Chewing gum
The government is keen for Britain's pavements to be clear of any littered chewing gum in the future. Andrew Kelly/Reuters

A reported 56 councils in Britain are set to be handed £1.2 million in total funding to help remove chewing gum off the nation's streets and bring awareness to gum littering, ensuring it is reduced moving forward. This is the second round of funding from the Chewing Gum Task Force and the areas to receive funding include Liverpool, Sunderland, Ipswich, Cardiff and Glasgow.

The Chewing Gum Task Force has been operating for two years and was put in place by The Department for Environmental Food and Rural Affairs (Defra). It was introduced as it aligns with the government's plan announced two years ago to transform high streets throughout Britain.

The task force is managed by the charity, Keep Britain Tidy, and receives investment from chewing gum manufacturers. Its goal is to make the pavements clear of any gum whilst making sure that no gum is dropped on the streets to start with.

The latest funding being handed out includes up to £25,000 for councils to help with the clean-up of gum alongside a specialised and fully accounted-for package to prevent gum littering. Also, some areas will be monitored over a longer period and evaluated by the non-profit social enterprise, Behaviour Change.

Last year the grants handed out to individual councils were worth up to £20,000 to aid with street removals and with acquiring cleaning equipment. Councils that were working alongside one another to generate better results were able to access funds of up to £70,000.

Environment Minister, Rebecca Pow, touched on the need to put funds towards reducing litter in the streets of Britain. She pronounced: "Littering blights our communities, spoils our countryside, harms our wildlife and wastes taxpayers' money when cleaning it up. That's why we're working with gum producers to tackle chewing gum stains."

Pow added: "After the success of the first round of funding, this next slice will give councils further support to clean up our towns and cities."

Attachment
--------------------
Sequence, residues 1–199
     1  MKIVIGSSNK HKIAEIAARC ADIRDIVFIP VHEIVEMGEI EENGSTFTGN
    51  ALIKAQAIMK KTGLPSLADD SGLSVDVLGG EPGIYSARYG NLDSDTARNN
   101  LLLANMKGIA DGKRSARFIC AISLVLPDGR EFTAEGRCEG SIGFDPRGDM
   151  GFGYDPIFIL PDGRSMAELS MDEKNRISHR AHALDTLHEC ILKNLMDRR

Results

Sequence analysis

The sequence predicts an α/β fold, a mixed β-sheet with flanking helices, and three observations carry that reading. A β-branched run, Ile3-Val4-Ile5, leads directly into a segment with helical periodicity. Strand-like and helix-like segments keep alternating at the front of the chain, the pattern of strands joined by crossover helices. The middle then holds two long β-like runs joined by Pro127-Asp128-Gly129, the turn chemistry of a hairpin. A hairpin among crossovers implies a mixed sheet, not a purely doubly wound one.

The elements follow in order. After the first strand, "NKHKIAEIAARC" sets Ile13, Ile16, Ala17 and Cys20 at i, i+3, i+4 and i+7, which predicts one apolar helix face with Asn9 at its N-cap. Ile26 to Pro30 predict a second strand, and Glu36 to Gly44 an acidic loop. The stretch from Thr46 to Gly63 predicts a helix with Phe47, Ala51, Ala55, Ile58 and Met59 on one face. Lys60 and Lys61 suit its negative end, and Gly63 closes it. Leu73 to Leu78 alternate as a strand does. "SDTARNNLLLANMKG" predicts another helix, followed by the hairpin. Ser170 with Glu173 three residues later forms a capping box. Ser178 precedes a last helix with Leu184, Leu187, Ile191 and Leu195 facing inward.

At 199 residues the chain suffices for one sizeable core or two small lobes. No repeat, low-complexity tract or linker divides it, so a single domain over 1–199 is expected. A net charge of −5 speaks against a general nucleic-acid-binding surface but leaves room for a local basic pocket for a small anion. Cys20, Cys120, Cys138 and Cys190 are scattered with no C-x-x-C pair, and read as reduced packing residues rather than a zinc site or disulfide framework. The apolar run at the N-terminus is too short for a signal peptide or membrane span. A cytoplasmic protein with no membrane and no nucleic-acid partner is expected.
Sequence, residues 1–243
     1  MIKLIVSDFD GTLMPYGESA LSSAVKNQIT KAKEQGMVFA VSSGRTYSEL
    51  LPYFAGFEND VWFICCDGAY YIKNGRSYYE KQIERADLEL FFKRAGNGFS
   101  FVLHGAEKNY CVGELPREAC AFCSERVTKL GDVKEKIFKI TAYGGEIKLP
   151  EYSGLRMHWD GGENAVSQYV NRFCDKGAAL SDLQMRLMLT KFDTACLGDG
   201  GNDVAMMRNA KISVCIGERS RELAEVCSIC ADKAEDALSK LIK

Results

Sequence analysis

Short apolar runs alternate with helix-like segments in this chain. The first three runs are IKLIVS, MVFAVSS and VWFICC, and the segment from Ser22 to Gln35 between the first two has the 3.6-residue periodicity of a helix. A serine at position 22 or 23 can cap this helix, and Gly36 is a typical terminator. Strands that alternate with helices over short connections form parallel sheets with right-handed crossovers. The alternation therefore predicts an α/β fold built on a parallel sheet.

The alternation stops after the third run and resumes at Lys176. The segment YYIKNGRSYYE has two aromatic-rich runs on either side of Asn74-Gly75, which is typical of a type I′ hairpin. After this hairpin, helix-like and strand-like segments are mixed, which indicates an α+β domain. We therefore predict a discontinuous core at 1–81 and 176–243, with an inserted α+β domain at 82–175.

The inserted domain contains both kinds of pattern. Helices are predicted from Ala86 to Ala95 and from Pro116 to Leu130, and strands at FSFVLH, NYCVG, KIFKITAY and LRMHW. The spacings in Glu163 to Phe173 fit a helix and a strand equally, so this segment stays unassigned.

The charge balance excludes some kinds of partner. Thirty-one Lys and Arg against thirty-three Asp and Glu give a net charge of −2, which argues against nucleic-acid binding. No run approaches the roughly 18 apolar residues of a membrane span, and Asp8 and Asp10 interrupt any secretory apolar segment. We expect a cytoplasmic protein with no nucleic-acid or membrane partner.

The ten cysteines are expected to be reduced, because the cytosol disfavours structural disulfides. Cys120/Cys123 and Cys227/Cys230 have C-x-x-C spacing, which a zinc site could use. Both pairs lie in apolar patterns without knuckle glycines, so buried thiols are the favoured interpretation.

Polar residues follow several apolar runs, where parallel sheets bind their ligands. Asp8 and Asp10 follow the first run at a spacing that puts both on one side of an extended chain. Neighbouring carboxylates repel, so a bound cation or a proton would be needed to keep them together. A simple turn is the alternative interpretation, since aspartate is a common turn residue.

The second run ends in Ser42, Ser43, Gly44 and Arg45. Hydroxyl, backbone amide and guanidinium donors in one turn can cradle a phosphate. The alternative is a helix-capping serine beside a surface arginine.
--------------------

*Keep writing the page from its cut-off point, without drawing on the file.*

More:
The current gum littering situation in Britain is quite severe as estimations reveal it could cost roughly £7 million for councils each year to remove chewing gum. Also, Keep Britain Tidy has noted that 99 per cent of retail places and 77 per cent of roads in the nation are smeared with gum.

It is a criminal offence in Britain to litter and the government is coming down hard on any culprits. This is as the Prime Minister's Anti-Social Behaviour Action Plan has stated that the maximum on-the-spot penalty for littering and spraying graffiti will rise from £150 up to £500 later on in 2023.

Leading gum manufacturers in Britain, Mars Wrigley and Perfetti Van Melle were encouraged by the task force to align over a plan to prevent gum littering and have put forward £10 million to support that over the coming five years.

Corporate affairs director for Mars Wrigley UK, Naomi Jones, expressed delight at working with the task force. She stated: "We're pleased to be supporting the work of the Chewing Gum Task Force again this year. We'll be funding and partnering with another 56 councils, across the four nations, in 2023."

The Chewing Gum Task Force successfully carried out gum cleaning duties in its first year of operating as 44 grants totalling £1.2 million were handed out to 53 councils. The amount of pavement that was cleaned up amounted to a distance larger than 467 football pitches.

In the first couple of months, the councils involved were able to cut down on chewing gum littering by up to 80 per cent due to the pavement cleansing and work done to educate residents on not littering.

Places such as Grimsby were able to enforce sufficient change with gum cleansing in its town centre due to the use of machines from Eco Removal Systems. The gum marks were cleaned through an eco-friendly detergent which was formed through sugar beet, and that was heated up before being sprayed onto the gum stains to dissolve it.

Chief Executive of Keep Britain Tidy, Allison Ogden-Newton OBE, spoke on the significance of educating people about littering and how it is the next important stage after the streets have been gum-cleansed.

She explained: "Once the gum has been cleaned up, it is vital to remind the public that when it comes to litter, whether it's gum or anything else, there is only one place it should be – in the bin – and that is why the behaviour change element of the task force's work is so important."

This second funding round orchestrated by the task force comes amidst the PM's Anti-Social Behaviour Action Plan looking to be stamped down through other avenues this week as the government looks for significant change to be enforced in regard to people misbehaving in Britain's streets.

Elsewhere, Just Stop Oil protestors were recently criticised for their disruption during a match at this year's Wimbledon tournament, where they were seen littering one of the playing courts with plastic jigsaw puzzle parts and debris.